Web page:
Robert D. Ingram 43rd State Bar President

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1 Aug gust mber 1 Robert D. Ingram 43rd State Bar President

2 Do you know what it feels like to shake your insurance agent s hand? Oh my, don t tell me you ve never actually shaken his hand. Or looked him in the eye. Why, don t you think it s important to know the people who may one day come to your defense in the case of a malpractice claim? Aubrey Smith, president of Georgia Lawyers Insurance Company, thinks so. He believes that you can t build trust through s and voice mails. He believes that a handshake and a human connection are the only real signs that someone understands your needs and is willing to stand behind you all the way. He believes that if you ever have a problem, question or concern, you should have not just a phone number, but a person to call. Because he believes that if you ever did face a malpractice claim, you ought to know the people who hold your career in his hands. If you re ready for a different kind of insurance experience and a free policy review, or a Quick Quote, call Aubrey Smith or any member of the Georgia Lawyers team at: or toll-free, Visit us online at:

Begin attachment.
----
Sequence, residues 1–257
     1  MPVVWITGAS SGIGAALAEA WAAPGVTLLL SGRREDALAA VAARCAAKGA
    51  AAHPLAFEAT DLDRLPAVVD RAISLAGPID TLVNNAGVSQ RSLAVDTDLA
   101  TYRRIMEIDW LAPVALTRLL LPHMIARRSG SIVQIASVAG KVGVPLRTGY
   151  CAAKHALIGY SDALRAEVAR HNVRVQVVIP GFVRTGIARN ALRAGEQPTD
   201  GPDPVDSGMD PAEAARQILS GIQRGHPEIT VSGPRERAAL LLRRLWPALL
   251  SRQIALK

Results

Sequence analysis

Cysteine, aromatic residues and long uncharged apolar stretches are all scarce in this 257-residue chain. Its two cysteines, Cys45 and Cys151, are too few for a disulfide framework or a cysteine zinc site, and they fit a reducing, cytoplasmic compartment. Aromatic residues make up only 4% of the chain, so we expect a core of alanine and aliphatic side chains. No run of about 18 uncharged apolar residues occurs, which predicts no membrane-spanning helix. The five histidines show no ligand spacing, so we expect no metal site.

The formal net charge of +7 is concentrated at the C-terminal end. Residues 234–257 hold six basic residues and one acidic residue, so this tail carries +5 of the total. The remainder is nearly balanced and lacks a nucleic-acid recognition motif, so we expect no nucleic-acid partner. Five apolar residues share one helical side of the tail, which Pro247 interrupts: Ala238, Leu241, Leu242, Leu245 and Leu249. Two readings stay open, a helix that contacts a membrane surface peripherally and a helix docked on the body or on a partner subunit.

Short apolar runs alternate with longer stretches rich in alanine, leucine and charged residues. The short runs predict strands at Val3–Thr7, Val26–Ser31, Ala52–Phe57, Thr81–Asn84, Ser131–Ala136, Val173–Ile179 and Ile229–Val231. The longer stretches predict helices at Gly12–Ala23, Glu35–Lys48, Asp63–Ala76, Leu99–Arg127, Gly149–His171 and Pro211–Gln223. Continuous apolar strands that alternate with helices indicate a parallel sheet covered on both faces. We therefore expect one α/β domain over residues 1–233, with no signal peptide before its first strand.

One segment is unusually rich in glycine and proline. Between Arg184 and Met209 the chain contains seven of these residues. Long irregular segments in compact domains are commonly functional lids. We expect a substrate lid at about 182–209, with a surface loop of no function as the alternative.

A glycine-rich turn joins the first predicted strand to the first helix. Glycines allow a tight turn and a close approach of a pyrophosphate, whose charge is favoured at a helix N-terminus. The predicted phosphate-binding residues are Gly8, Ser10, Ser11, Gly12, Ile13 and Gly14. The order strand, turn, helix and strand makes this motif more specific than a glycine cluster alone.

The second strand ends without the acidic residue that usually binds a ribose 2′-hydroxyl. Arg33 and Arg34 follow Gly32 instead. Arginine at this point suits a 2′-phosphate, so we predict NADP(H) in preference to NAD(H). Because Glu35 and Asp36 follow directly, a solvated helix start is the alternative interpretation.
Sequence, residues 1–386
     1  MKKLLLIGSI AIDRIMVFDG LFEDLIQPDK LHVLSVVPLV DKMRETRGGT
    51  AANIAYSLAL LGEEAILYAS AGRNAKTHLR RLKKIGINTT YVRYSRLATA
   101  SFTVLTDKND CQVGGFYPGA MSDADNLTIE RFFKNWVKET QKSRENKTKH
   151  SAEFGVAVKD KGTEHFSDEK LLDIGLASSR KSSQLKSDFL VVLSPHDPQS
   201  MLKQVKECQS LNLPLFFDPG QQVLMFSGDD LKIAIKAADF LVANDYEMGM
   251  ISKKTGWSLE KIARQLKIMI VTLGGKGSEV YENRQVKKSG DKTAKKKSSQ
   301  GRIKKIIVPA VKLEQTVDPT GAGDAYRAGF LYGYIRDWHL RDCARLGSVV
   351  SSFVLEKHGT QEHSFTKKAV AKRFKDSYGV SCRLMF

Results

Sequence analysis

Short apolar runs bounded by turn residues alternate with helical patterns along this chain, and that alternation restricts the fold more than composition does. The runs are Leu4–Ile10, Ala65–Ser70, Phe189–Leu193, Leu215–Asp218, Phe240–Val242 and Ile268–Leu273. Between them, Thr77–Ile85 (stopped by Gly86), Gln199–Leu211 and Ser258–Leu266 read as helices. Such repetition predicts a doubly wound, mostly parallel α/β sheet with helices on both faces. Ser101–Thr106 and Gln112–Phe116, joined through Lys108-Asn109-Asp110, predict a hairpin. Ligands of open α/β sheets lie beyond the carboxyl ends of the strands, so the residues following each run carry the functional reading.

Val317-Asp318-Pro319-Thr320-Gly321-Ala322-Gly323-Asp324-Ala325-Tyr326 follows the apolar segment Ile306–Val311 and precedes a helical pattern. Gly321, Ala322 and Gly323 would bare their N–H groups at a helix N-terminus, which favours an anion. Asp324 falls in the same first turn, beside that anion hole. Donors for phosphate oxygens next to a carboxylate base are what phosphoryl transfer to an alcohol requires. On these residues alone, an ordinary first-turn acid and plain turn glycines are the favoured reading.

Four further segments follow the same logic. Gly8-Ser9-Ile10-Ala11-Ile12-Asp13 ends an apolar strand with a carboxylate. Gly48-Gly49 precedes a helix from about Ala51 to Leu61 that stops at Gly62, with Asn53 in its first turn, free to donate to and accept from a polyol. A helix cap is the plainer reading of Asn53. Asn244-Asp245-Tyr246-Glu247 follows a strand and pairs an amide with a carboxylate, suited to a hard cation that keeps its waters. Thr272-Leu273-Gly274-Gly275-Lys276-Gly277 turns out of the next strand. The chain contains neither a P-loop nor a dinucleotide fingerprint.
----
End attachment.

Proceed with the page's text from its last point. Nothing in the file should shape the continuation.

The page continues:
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4 Aug gust mber 1 On the Cover Incoming State Bar President Robert D. Ingram, his wife Kelly and their children Ryan and Morgan. Cover photo by TCPICS. Departments 4 From the President 8 From the Executive Director 10 From the YLD President 64 Bench & Bar 70 Office of the General Counsel 72 Lawyer Discipline 75 Law Practice Management 80 Section News 84 Professionalism Page 88 In Memoriam 90 Book Review 92 CLE Calendar 96 Notices 99 Classified Resources 100Advertisers Index Legals 12 A Re-Evaluation of Arbitration In Light of Class Actions and Appeal Rights Is It Still Worth It? By Christopher P. Galanek and Jennifer B. Dempsey 20 Barnes v. Turner: An E-Turner-ty of Liability for Lawyers? By J. Randolph Evans and Charles R. Adams III Features 26 Bar Returns to Georgia s First City for 41st Annual Meeting By C. Tyler Jones 34 Reinhardt Reflects on Successful Bar Year By Rob Reinhardt 40 First Bar President From Cobb County Has History on His Side By C. Tyler Jones 42 Lawyers Foundation of Georgia at the 2005 Annual Meeting By Lauren Larmer Barrett 44 Local Bar Activities Committee Judge Applications for State Bar Annual Meeting Awards By Margaret Gettle Washburn 46 As Chief Justice Fletcher Reflects on Past, Chief Justice Sears Prepares for Future By Jennifer N. Riley and Sarah I. Bartleson 56 Atlanta Attorneys Serve 16,000 Needy Clients Through AVLF By Martin Ellin 58 Coordinated Data Flow in Georgia Courts Will Benefit the Bar By R. William Ide III, A. James Elliott, Rudolph N. Patterson and the Hon. Timothy A. Pape